Thinking Points

  • Fisco slowed down its reports to a more relaxing pace last week, following a whopping 10 report week.
  • We have two companies, one in shipping and another in the mobile carrier industry.
  • Let me know if you want to know more about the mobile carrier industry!

The folks at Fisco probably heard us. After publishing a whopping 10 reports in one week, the kind folks at Fisco slowed it down to two reports last week. A nice bit of reading over morning coffee if you ask me!


Iino Lines (TSE: 9119)

Iino Lines is primarily a maritime transport company and secondarily a real estate company. The most notable point about Iino is that it operates the largest fleet of chemical tankers. With that said, it’s been a tough few years for just about every shipping business. Though 87% of Iino revenues came from shipping, the real estate business accounted for 57.3% of operating income:


Source: Annual Report (translation by author)


The company operates in a capex heavy industry. For those specifically looking for companies in the shipping industry, Fisco’s report on Iino is worth a read. Otherwise, I have a difficult time finding the company interesting, both from a quantitative and qualitative perspective.

Read Fisco’s full-report on Iino Lines here.


Conexio Corporation (TSE: 9422)

Conexio is the second largest mobile phone agency in Japan, as Fisco’s report states. But before going into that, let me clarify a bit. In Japan, there are three major phone carriers: NTT Docomo (TSE: 9437), KDDI (TSE: 9433), and Softbank (TSE: 9984). Much like AT&T or Verizon, the carriers have retail stores. Just like their US counterparts, you can walk in and buy a new phone, pay your bill, or yell at customer service for locking you into a contract for two [email protected]#ing years.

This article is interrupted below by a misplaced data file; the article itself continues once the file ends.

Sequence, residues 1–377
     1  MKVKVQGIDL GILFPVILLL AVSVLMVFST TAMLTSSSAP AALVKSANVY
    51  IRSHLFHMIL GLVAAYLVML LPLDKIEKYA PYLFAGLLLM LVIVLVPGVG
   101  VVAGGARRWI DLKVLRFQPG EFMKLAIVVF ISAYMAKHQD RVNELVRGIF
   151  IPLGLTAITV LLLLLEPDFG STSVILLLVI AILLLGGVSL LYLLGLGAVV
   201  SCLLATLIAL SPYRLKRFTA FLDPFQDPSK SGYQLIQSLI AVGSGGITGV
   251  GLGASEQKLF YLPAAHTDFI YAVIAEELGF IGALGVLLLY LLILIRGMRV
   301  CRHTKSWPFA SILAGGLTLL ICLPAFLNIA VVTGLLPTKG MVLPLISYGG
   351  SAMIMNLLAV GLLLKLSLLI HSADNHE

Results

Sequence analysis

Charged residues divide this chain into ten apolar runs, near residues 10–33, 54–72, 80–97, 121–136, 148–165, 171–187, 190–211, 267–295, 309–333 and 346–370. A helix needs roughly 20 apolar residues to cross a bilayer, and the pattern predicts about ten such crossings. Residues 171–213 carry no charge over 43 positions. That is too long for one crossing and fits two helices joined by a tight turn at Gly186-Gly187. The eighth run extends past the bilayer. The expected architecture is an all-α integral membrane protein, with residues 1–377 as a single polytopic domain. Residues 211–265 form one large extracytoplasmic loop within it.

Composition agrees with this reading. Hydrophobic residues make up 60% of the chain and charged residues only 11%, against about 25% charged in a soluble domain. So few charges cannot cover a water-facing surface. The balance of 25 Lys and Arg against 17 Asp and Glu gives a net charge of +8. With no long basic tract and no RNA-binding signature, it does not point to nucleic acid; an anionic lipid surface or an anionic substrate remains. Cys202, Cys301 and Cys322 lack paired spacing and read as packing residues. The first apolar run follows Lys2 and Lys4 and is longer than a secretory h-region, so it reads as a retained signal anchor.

Though KDDI and Softbank both directly operate a select few “flagship” stores, nearly all of these stores are operated by a mobile phone agency. NTT Docomo, Japan’s largest mobile carrier, operates exactly ZERO stores. And Conexio has the largest footprint of Docomo stores.

If you’re interested in Japanese mobile carriers in general, you can read the first few sections of this article. The article itself is about Okinawa Cellular (TSE: 9436), a regional subsidiary of KDDI.

Conexio’s key competitors include Hikari Tsushin (TSE: 9435) and T-Gaia (TSE: 3738). Among them, Conexio appears most attractive to me from a business performance and investment perspective. One thing to keep in mind is that Conexio is effectively married to NTT Docomo. Though it also operates KDDI and Softbank stores, 366 of Conexio’s 428 stores are Docomo stores.

And the thing about being married to NTT Docomo is the emergence of low-cost MVNOs. Basically the Cricket Wireless and Virgin Mobiles of Japan. I haven’t looked into the industry recently, but a little over a year ago, most MVNOs used NTT Docomo’s network because it was the cheapest (mostly because the government forced it to be).

MVNOs have gradually increased its presence, accounting for a little over 10% of mobile contracts today. While KDDI and Softbank have both taken a “main vs. sub brand” approach by operating as both MNO and MVNO, NTT Docomo stuck to the main brand only. So far, it seems like this strategy is holding up well, but we’ll have to see how ARPUs and contract count holds up in the years ahead.

Read Fisco’s full report on Conexio here.


Fisco Wrap Up

Perhaps I’m not familiar enough with the shipping industry to find Iino Lines all that interesting. But I have periodically kept up with the Japanese mobile carrier market. In fact, I’ve written about it on other sites as well. If you’re interested in finding out more about the industry in general, shoot me a message and I’ll write something up here. Hope you enjoyed!

Author: Kenkyo Investing

Kenkyo Investing applies a value investing approach to Japanese equities, providing insights that are often unavailable to non-Japanese speakers.